Strava can be very addictive in the way it “gamifies” your riding and encourages competition. It’s satisfying to work hard and see your name at the top of the leaderboard. However, even if you manage to get a top position and earn the coveted KOM/QOM achievement (King/Queen of the Mountain), chances are you won’t stay there for long. Read on for a list of tips to help you improve your times.
If you’re mildly competitive, you’ll want to think about getting that KOM back, and here’s a few tips to help improve your chances.
- Get fitter, lose weight. Start with the stupidly obvious. Duh…
- Use a gps device which allows you to ride against a virtual partner, such as the Garmin Edge 800.This is my best tip, which I’ve used very recently to reclaim a KOM, and for me, represents a very proactive use of the GPS technology.
To use this feature, you will need to create a course from the recording of your previous best time, or better still – the current KOM leader. To grab someone else’s data as a gpx file from Strava, you need to use the third party CosmoCatalano tool, and then upload the GPX/TCX file to your Garmin > NewFiles folder, and then select it as a course to follow.
Turn virtual partner on, and if you tap/hold the screen at the foot of your climb, the times will be zeroed, allowing you to race (virtually) against the actual KOM leader, or your own personal best, depending on what data you load as a course.
Using this method, you will see, second by second, if you’re falling behind or gaining, allowing you to gauge where to push harder.
- Use RaceShape.com to analyse the difference between two riders. This is a very clever site which allows you to compare your ride against anyone else on the leaderboard. You can then see which particular sections are causing you problems, and come up with a strategy to minimise time lost over crucial sections.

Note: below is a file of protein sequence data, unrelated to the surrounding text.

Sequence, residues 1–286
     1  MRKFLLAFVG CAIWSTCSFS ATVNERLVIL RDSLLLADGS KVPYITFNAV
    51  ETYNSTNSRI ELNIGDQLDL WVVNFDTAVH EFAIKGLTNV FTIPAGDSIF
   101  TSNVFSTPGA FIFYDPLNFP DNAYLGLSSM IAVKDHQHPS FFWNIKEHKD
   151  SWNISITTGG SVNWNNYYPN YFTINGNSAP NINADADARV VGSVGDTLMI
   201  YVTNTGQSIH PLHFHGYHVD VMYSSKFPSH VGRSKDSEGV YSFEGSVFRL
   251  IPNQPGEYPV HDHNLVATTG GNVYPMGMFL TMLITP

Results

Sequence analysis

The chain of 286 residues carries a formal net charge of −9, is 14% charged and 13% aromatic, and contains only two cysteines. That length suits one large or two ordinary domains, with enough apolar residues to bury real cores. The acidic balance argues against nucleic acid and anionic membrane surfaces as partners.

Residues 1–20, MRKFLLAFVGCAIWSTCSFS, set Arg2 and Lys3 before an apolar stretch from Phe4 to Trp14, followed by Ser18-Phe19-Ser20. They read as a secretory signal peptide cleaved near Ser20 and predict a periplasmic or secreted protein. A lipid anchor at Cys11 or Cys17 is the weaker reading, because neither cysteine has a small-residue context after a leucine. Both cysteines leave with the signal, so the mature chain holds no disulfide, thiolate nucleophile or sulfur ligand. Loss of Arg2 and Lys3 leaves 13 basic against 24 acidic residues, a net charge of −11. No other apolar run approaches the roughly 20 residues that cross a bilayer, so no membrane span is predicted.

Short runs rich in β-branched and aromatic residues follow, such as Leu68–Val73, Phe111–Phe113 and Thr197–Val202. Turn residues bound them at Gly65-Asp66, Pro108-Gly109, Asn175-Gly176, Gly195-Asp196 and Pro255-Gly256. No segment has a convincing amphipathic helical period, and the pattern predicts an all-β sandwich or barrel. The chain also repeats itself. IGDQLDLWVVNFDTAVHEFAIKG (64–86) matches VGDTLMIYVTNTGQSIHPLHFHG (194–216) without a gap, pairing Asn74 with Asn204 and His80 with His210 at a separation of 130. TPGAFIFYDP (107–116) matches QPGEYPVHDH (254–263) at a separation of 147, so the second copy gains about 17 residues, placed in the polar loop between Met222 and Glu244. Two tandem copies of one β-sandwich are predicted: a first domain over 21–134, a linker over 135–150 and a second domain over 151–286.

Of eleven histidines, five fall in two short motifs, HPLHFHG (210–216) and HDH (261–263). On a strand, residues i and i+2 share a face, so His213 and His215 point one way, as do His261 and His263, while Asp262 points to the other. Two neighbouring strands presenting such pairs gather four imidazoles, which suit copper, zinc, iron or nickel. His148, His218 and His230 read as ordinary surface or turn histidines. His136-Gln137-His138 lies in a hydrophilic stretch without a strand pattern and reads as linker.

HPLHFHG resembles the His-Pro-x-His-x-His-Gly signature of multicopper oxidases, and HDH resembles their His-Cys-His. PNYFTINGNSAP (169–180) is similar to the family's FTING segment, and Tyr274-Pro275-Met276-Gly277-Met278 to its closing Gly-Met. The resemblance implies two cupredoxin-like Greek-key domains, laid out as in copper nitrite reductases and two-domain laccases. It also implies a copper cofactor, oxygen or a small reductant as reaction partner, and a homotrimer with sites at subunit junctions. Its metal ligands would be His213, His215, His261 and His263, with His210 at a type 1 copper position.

Also, see my post for other ways to play with your Strava data
- Know exactly where the segment starts and ends.
You may crest the hill and then ease off, thinking you’ve done it. Quite often when segments are created, people aren’t too careful about the exact start and end points so they may not be exactly where you think they should be.
- Start fresh, take it easy getting to the base of the climb, or if you’re really desperate, drive there with the bike in the car, then warm up and go for it.
- Take advantage of tailwinds. If you’re going out KOM sniping on a windy day, pick your targets accordingly.
- Get a flying start into a segment. Know exactly where it begins and aim to hit the start at speed. But don’t overcook it too early!
- Ride in a group, to get the aerodynamic benefit. If you start near the back and finish near the front, you’ll get the best time. Don’t go too hard and save energy for a hard finish. Don’t wipe yourself out too early. Be prepared for the shouts of “Strava slut”.
I hope some of the ideas above are useful to somebody. There’s nothing wrong with using your brain to increase your chances of beating your previous times, but humans are odd creatures and some will cheat to get KOM’s. They’re only cheating themselves and it’s not big or clever.
If you suspect someone cheated, you can flag their ride, giving a reason why you believe it must be incorrect. I’ve flagged rides which were obviously recorded from a car or motorcycle, and they get removed from the leaderboard immediately.
It should only be a bit of fun after all, but if it makes us work harder and get faster and fitter, then bring it on. There’s nothing wrong with a good bit of healthy competition between friends.
Please remember, if you do use GPS to record your rides, please lock down your GPS data, to protect yourself against bicycle thieves
Got any more Strava KOM tips to offer? Please share in the comments.